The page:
Autocratic times, especially in the contemporary world, can be periods of terror and violence , in which the declared enemies of the regime, or even citizens who simply refuse to cooperate with power, are persecuted, murdered and tortured.

In these periods there is also usually a violent resistance from the governed , which can lead to violent protests, guerrilla warfare or even a Revolution or a civil war, as the governed decide to sacrifice everything to regain their freedom .

  1. Personality cult

Personality cult From the State, the cult of the leader is promoted through manipulative messages.

Since all power resides in the hands of the same person, she is worshiped and venerated as if she were a deity or a saint . This is promoted from the structures of the State and the cult of the personality of the leader or caudillo is encouraged, through manipulative messages that offer him as a savior, a redeemer or, in the worst cases, as a necessary evil.

  1. Formation of an oligarchy

All autocracies end up benefiting (openly or secretly) not only the autocrat, but his followers and a certain social sector that is loyal to him. This sector eventually possesses enough assets to become an oligarchy , that is, a powerful social sector that retains for itself the economic, social, and political advantages of society .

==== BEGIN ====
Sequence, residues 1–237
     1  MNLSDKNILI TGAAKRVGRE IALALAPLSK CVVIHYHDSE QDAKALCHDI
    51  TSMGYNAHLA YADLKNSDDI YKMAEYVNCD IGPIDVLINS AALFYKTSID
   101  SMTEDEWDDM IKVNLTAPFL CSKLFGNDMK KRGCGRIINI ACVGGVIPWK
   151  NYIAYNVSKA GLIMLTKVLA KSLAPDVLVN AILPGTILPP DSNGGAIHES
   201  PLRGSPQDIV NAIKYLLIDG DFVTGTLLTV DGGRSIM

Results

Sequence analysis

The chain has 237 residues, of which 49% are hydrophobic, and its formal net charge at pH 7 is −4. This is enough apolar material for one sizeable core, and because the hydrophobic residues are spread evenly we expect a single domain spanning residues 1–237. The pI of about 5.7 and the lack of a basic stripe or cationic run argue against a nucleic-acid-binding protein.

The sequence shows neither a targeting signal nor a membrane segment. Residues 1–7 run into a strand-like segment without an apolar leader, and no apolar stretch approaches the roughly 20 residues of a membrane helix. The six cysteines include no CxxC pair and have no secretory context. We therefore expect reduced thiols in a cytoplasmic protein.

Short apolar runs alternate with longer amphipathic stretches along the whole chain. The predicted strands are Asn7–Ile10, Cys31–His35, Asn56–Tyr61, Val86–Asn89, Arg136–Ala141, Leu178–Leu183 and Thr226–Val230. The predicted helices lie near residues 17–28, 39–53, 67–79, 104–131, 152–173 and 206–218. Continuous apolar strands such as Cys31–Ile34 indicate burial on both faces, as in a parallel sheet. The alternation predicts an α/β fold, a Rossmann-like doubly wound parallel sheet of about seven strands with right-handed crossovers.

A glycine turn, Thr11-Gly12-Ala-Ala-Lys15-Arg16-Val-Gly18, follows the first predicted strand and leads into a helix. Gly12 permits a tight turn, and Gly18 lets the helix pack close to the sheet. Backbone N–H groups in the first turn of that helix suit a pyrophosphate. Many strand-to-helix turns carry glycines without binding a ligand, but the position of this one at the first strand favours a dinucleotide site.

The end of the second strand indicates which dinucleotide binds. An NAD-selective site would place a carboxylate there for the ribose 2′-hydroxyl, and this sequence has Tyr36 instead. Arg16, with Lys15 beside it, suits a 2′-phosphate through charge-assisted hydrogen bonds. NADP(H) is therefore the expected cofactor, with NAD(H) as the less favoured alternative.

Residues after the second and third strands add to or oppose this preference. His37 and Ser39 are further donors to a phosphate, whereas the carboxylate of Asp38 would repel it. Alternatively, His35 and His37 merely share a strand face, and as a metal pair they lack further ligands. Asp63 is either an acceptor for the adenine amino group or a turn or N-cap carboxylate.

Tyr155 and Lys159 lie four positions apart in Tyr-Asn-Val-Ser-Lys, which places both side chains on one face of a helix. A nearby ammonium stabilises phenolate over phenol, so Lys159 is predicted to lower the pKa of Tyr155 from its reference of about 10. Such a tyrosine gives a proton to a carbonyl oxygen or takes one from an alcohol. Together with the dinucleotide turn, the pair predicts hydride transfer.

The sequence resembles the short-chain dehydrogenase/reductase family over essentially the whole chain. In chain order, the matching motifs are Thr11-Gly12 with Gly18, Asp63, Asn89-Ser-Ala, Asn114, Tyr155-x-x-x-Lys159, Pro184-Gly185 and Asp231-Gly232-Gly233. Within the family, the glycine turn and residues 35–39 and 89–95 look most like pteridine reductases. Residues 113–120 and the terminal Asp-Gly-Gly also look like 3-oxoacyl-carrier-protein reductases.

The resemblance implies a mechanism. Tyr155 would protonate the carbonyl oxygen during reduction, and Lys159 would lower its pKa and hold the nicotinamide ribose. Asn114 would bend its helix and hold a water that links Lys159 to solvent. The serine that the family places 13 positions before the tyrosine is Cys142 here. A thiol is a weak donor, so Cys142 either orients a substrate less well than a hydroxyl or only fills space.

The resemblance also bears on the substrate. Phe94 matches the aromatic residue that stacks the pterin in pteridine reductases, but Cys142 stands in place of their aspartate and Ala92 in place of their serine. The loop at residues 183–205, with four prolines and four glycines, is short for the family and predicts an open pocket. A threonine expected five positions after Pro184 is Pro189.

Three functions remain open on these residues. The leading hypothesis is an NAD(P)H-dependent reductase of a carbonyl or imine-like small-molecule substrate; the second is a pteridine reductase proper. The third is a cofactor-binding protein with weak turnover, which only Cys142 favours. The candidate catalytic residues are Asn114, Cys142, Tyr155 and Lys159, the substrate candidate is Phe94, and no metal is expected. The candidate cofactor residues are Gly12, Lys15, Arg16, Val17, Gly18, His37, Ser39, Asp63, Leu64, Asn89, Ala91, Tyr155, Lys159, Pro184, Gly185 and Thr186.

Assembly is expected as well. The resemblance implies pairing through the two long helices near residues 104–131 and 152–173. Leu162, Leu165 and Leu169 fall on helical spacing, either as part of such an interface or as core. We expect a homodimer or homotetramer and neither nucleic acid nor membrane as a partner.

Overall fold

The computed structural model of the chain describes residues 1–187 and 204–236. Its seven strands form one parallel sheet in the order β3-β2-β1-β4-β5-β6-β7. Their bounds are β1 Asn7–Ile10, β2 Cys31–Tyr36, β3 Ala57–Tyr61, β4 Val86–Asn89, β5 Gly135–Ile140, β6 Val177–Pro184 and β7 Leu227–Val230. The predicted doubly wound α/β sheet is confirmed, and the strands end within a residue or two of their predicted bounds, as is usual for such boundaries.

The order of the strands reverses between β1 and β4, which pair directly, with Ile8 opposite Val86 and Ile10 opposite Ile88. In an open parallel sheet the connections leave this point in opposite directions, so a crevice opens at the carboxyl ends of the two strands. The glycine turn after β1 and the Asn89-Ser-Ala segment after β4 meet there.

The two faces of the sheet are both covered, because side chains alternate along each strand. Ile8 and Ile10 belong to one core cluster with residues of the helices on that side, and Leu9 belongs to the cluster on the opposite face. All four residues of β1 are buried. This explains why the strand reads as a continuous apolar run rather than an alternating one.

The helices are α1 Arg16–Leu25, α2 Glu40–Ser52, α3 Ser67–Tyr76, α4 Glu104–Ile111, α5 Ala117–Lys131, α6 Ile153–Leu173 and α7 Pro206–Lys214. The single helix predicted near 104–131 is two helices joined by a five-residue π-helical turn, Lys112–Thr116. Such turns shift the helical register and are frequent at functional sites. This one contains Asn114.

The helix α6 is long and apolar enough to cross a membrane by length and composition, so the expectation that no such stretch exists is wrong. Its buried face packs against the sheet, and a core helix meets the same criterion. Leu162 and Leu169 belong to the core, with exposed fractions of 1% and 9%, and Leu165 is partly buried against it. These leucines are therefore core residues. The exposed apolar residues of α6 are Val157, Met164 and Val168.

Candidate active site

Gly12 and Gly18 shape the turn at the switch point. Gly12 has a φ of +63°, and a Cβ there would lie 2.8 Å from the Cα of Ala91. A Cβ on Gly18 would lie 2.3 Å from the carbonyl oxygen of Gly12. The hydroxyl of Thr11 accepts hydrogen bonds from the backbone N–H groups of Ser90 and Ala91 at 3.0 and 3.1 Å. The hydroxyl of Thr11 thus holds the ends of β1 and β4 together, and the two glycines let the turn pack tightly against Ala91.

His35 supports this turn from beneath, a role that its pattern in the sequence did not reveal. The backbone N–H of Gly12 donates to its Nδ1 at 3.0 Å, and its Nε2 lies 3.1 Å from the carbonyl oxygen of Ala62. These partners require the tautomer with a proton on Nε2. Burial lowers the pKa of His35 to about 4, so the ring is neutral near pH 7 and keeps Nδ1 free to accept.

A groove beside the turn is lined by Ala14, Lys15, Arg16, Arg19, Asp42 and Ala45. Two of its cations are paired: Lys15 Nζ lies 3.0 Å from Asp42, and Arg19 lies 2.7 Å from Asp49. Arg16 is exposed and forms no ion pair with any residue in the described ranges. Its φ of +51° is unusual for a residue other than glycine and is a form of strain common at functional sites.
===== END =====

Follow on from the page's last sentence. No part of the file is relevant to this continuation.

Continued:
1. synonyms

The terms despotism, tyranny, and authoritarianism are practically synonymous with autocracy , although the latter implies a lesser degree of empowerment of the ruler, and tyranny necessarily refers to someone who rules by (military) force.

  1. examples of autocracy

examples of autocracy The tsar was a local emperor who belonged to the historical Russian nobility.

Some historical examples of autocracies are:

  • Tsarist Russia. Russia before the October Revolution was ruled by the Tsar, a local emperor who belonged to the historical Russian nobility.
  • French absolutism. Fifteenth - century France was ruled by Louis XIV, an absolutist monarch who was not subject to any institutional regulation.
  • Franco’s Spain. Francisco Franco , the Spanish conservative military man, put an end to the Spanish Civil War in the 20th century through an atrocious dictatorship that disappeared thousands of opponents and centralized political powers in him, through the figure of “Caudillo”. See: Francoism .
  • The Cuba of the Revolution. Ruled with an iron fist by Fidel Castro , it is an example of an autocracy that emerged from a Socialist Revolution that had abundant popular support. However, along the way, all powers were centralized in Fidel Castro and he ruled until his death, becoming almost a monarch.

The above content published at Collaborative Research Group is for informational and educational purposes only and has been developed by referring reliable sources and recommendations from technology experts. We do not have any contact with official entities nor do we intend to replace the information that they emit.